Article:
Making Money with LTE: Operators Reveal Plans for Traditional Billing and IN Charging

As data becomes the main focus for many mobile operators, there is an on-going debate about the future of traditional batch based billing for post-paid and Intelligent Network (IN) pre-paid charging infrastructures.

A recent survey by Openet has compiled operators’ views on this, highlighting some of the key challenges they have been facing with IN pre-paid charging platforms as well as how and when they intend to replace these systems.

Whilst some operators have already initiated the replacement of their legacy IN charging and billing infrastructures with real-time, online charging systems (OCS), many more are expected to follow year after year. 89% of the respondents think that as LTE is introduced, most operators will replace IN pre-paid charging platforms within the next 4 years and 70% said that they will be replaced by real-time, online charging systems. The same goes for billing systems, with 87% thinking that most operators will replace billing systems with real-time charging systems within the next 4 years.

The operators surveyed also highlighted some of the key challenges they have been facing with IN pre-paid charging platforms. According to the majority, 64%, IN charging platforms were initially designed for voice services and are restrictive to operators at four key levels: data service innovation, time to market, customer experience and cost.

About 60% of operators view IN charging platforms as complex, time-consuming and costly to charge for data. This goes back to the fact that they were initially designed for circuit switched voice and not ideal for the complex charging requirements that data has introduced.

Getting new products and services launched can also be an issue and 66% of operators see time to market impacted as they depend on IN vendors to develop and configure new services. With regards to what operators want, 76% want to develop and configure new services with minimum vendor involvement.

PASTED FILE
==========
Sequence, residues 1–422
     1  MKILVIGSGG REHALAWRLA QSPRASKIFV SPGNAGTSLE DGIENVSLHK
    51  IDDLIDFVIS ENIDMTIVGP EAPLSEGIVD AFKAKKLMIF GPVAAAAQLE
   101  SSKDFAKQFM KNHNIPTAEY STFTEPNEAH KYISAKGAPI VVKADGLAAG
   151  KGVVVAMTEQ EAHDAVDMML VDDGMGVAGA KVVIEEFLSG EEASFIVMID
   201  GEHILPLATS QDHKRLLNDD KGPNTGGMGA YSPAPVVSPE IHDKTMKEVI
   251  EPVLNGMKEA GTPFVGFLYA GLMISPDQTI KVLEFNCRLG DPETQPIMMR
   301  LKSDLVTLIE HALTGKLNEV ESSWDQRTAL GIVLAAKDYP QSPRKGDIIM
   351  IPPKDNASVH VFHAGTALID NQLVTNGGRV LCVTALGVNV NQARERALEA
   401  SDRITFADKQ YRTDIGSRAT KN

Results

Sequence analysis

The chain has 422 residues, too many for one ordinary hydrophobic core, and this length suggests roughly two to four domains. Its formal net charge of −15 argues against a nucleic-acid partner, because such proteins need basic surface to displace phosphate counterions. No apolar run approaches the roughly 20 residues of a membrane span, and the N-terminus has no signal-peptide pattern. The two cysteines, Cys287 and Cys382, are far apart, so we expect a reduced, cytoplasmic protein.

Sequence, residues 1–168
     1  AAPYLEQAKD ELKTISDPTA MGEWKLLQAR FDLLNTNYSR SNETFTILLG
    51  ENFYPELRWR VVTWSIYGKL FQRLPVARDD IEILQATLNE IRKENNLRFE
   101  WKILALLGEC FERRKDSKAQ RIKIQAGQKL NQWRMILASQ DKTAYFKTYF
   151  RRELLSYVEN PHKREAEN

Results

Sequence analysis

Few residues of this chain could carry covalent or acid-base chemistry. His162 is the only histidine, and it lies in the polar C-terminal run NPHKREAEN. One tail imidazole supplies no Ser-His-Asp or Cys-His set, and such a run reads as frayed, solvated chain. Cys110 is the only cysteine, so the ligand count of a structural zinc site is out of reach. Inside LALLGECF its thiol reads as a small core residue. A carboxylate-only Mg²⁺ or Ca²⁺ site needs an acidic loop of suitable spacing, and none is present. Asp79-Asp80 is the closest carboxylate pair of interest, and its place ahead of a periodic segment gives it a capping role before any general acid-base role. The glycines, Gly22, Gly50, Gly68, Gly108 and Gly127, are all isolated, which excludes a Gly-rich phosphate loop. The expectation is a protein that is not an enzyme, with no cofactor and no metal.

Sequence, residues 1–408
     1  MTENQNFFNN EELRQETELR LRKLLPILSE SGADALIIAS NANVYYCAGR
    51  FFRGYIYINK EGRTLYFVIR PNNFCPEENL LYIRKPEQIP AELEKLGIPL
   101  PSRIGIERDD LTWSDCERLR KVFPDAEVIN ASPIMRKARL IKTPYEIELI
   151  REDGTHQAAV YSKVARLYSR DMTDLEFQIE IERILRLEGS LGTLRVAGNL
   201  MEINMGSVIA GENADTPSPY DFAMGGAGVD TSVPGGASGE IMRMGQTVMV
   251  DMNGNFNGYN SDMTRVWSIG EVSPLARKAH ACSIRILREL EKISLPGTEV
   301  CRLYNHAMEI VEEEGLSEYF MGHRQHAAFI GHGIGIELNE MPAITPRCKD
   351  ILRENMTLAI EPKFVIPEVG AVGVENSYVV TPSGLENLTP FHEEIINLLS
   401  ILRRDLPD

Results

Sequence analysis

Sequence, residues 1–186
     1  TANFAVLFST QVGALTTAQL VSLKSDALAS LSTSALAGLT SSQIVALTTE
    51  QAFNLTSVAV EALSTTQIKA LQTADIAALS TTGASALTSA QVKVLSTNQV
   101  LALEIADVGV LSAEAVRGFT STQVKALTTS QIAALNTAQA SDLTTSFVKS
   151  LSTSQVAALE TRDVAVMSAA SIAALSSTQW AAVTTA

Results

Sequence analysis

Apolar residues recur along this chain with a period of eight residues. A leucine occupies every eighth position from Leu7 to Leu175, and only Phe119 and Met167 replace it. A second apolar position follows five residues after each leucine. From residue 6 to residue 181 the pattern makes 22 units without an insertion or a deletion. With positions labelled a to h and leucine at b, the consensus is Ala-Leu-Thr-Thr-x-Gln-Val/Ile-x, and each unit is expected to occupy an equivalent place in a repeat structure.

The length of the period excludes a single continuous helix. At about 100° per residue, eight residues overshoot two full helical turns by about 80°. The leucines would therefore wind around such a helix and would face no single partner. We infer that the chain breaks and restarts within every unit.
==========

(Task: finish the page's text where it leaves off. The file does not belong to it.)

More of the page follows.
Furthermore, a number of operators seem to struggle to deliver the level of experience they would like to offer customers; 45% of the respondents find it difficult or very difficult to provide all services to both pre-paid and post-paid customers. This often results in customer frustration and potential churn as some services are restricted depending on the payment type; this also means loss of revenue opportunities for operators. Also 45% find it difficult or very difficult to have a unified view of customers, linking multiple services and payment types to the one single customer; this then affects operators’ ability to offer a unified and consistent view of all their services to each customer which represents a key loyalty driver. This also affects operators’ ability to deliver an effective customer service and maximize up/cross-sell opportunities.

These restrictions combined with the high total cost of ownership associated with IN charging systems, highlighted by 59% of operators, are driving operators’ plans to replace them.

One of the most recent examples in Europe is T-Mobile Netherlands; they are deploying a real-time/online charging system featuring a centralised offer catalog as their future charging platform for mobile services. This new deployment will make it possible for T-Mobile Netherlands to quickly define and launch dynamic pricing models, innovative device plans and support comprehensive combinations of services for its pre-paid and post-paid subscribers. Another European operator also deployed convergent, real-time charging and policy control platforms making it possible for their subscribers to benefit from enriched and innovative services that will enhance the customer experience. In North America, a leading operator had deployed an online charging system to roll out a broader array of personalised pre-paid and post-paid services. This new deployment was a key enabler for revenue growth and consisted of a 3GPP compliant Online Charging System which incorporates Convergent Real-time Charging, Rating, and Balance Management.

There are similar examples across the world as operators want to put in place the right revenue-generating infrastructure, which will enable them to accelerate data service innovation and maximize their revenue potential.

openet-logoAbout Openet

This article has been sponsored by Openet, a leading global vendor of real-time telecom business systems.

Openet technology manages the decision making and interactions that translate network activity into revenue. Openet systems process the massive volumes of data streaming through a network, use that data to track activity such as network usage for many millions of users simultaneously, and perform real time actions such as charging or billing and managing connection quality. Service providers worldwide choose Openet to address both strategic and tactical needs because of both functional and technical differentiators.

Openet is a global company headquartered in Dublin, Ireland. Find out more at

About the Author

Corine Suscens is the Senior Marketing Manager at Openet, who have sponsored this article.

Access the full research report here.

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